My experience with coffee

Turkish Coffee
I would say that coffee is probably one of the most widely and commonly drunk beverages in the world, alongside tea and water. A huge amount of people drink it every day, sometimes several times a day and it is used both to ward off winter chills and to cool oneself down (honestly, hot beverages quench your thirst better than cool), it is a stimulant, it’s a delicious drink and you can find it almost everywhere. But after all this, it is EXTROADINARY how many people make, drink or buy revolting coffee. It is amazing. I myself like to think I know a decent coffee from a bad one and am confident with making coffee, whether with a plunger or a Bialetti. I haven’t yet got the hang of the espresso machine but with a lot of practise, I think I’ll get it right. Anyway, the absolute worst one is instant coffee. It doesn’t taste anything like coffee, and is more of a watery brown soup. The smell is not nearly so aromatic and pungent as the real thing as well, particularly when it’s been freshly ground the same day. However, for people who are just used to instant coffee, I guess it’s fine. Another example of bad coffee is coffee from cafes where either the froth is overcooked, or even burnt, where it is too weak/watery or where it just tastes strange. I have experienced all these types of coffees at various cafes and restaurants so I get a bit nervous when I go somewhere different. You tend to become loyal to a select bunch where you know you’ll get a good one. One which is strong, rich and bold and which has the taste of luxury. It’s a shame that all cafes can’t be like that as it’s not actually that difficult. Many people do not notice any of these afflictions though, It’s quite strange really, maybe all of their tastebuds have died, or they drink so many a day they hardly notice what it tastes like. I don’t know, maybe they just don’t care. I however think that when you make/buy coffee you should do it well as it is very expensive. Below is my method for brewing coffee whether in a plunger or bialetti and I also have reccomendations for brands and types to buy if you are in the market for a new maker. Note – I make very strong coffee so if you prefer a weaker brew then use 1 tbsp per cup or even more than me. Feel free to experiment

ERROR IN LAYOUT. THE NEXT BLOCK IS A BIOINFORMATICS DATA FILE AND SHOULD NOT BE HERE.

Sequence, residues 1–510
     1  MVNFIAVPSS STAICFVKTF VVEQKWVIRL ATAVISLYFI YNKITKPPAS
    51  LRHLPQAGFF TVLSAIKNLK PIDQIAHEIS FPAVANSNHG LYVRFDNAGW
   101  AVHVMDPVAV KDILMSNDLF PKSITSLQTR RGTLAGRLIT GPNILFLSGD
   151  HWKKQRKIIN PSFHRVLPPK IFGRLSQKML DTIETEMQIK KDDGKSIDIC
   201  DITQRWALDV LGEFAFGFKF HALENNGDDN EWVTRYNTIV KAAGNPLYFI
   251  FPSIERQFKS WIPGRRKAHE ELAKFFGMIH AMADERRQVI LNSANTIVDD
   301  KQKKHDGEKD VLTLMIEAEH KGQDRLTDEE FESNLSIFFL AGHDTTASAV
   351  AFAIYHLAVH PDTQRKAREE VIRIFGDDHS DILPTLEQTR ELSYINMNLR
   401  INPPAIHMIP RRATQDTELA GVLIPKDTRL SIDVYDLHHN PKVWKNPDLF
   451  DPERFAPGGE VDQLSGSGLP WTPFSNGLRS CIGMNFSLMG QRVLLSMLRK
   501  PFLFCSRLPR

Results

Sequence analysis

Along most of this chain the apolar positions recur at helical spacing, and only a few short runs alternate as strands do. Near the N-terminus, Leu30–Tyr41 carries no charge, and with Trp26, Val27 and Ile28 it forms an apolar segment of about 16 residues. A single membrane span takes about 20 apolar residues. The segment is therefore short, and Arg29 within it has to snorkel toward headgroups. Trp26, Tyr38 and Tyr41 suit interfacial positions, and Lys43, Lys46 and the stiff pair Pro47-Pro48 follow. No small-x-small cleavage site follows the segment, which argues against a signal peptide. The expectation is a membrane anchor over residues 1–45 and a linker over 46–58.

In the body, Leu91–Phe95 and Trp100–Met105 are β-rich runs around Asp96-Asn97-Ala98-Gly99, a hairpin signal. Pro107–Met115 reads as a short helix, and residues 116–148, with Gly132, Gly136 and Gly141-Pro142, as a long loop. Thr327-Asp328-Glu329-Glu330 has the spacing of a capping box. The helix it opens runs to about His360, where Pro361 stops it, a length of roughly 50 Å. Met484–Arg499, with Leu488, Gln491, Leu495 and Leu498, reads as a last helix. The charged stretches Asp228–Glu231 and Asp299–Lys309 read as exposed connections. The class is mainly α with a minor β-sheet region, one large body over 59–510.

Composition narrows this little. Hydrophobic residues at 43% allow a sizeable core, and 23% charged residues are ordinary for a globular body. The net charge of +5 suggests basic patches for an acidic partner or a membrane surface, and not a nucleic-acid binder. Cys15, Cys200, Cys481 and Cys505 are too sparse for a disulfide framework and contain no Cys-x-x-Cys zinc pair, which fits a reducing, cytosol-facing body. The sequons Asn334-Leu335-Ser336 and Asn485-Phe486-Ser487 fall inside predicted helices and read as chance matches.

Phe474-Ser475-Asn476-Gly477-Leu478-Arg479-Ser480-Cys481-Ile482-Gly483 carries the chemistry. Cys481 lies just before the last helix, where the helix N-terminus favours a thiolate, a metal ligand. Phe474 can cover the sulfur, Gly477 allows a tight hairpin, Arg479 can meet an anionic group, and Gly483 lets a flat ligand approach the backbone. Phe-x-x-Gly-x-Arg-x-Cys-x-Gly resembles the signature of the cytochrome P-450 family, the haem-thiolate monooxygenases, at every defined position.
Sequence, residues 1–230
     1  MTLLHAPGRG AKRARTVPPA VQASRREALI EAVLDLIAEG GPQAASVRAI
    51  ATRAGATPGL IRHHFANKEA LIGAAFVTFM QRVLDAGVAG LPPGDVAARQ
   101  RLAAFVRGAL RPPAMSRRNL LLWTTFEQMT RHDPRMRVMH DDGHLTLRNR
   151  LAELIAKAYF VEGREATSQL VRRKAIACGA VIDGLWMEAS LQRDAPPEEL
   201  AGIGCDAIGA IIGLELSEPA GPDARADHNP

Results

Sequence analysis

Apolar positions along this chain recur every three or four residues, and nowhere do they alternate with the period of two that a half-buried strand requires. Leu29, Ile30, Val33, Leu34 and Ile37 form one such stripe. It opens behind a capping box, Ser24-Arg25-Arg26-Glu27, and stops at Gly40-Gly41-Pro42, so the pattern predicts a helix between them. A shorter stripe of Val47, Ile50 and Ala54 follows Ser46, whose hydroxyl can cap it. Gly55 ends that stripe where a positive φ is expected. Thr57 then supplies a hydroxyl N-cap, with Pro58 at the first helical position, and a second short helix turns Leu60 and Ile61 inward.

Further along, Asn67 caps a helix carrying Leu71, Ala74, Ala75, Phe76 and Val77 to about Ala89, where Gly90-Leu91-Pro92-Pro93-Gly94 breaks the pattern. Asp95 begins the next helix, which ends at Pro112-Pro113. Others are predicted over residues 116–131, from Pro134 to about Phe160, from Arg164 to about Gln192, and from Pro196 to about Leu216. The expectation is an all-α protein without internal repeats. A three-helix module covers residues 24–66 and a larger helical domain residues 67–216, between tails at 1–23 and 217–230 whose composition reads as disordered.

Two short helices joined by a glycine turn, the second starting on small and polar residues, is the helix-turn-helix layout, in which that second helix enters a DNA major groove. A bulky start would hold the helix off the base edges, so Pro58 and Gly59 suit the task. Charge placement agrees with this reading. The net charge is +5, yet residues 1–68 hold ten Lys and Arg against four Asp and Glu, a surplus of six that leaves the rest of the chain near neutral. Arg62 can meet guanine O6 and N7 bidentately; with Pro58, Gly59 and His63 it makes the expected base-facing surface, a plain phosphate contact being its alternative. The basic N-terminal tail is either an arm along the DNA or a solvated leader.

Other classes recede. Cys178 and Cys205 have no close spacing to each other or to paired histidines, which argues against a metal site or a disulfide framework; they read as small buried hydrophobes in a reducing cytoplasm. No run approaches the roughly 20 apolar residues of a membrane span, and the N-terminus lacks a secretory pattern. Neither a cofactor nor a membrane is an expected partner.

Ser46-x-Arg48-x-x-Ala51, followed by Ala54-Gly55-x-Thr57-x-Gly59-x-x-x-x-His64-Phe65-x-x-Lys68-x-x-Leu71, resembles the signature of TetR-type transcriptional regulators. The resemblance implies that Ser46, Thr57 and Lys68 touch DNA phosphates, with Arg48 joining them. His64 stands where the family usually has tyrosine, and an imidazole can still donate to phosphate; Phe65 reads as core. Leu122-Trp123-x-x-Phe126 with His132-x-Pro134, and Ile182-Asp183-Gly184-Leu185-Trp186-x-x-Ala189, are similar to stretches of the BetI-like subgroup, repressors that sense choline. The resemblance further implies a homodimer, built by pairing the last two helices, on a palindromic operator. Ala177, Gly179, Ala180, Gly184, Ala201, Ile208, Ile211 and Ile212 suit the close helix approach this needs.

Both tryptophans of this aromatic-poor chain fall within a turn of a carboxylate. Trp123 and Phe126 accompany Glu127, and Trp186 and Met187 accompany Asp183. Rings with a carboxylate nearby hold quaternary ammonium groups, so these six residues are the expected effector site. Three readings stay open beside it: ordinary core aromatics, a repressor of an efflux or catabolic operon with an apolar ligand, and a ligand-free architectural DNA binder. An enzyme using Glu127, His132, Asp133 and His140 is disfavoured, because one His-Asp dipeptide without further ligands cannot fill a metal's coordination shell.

Method –
Completely empty and refill your kettle with fresh cold water (this is to ensure you have no minerals or metallic taste which can affect the coffee) and boil. If using a coffee grinder, scoop two tbsps of coffee beans into your grinder now and grind till coarse and of the consistency you have seen with other people’s ground coffee. When the kettle’s boiled, pour the water into your desired cup and plunger and leave for a minute or so to warm them up. Empty the plunger, add 2 tbsp of fresh ground or pre-ground coffee, pour in 1¼ cups of the slightly cooled boiled water and briefly stir. Put the plunger just above the surface of the coffee and leave to brew for 3 mins. Empty warmed cup, add desired amount of coffee sugar to cup then very firmly press down on the plunger to add a crema affect, then pour in your coffee. Add milk. Enjoy.

Note – Photo credit from the wonderful book – Turkey: A Food Lover’s Journey by Leanne Kitchen


2 thoughts on “My experience with coffee

  1. You are right on the money in respect of coffee,Sean. It seems to me that most New Zealander’s would not know a good coffee from a bad one.

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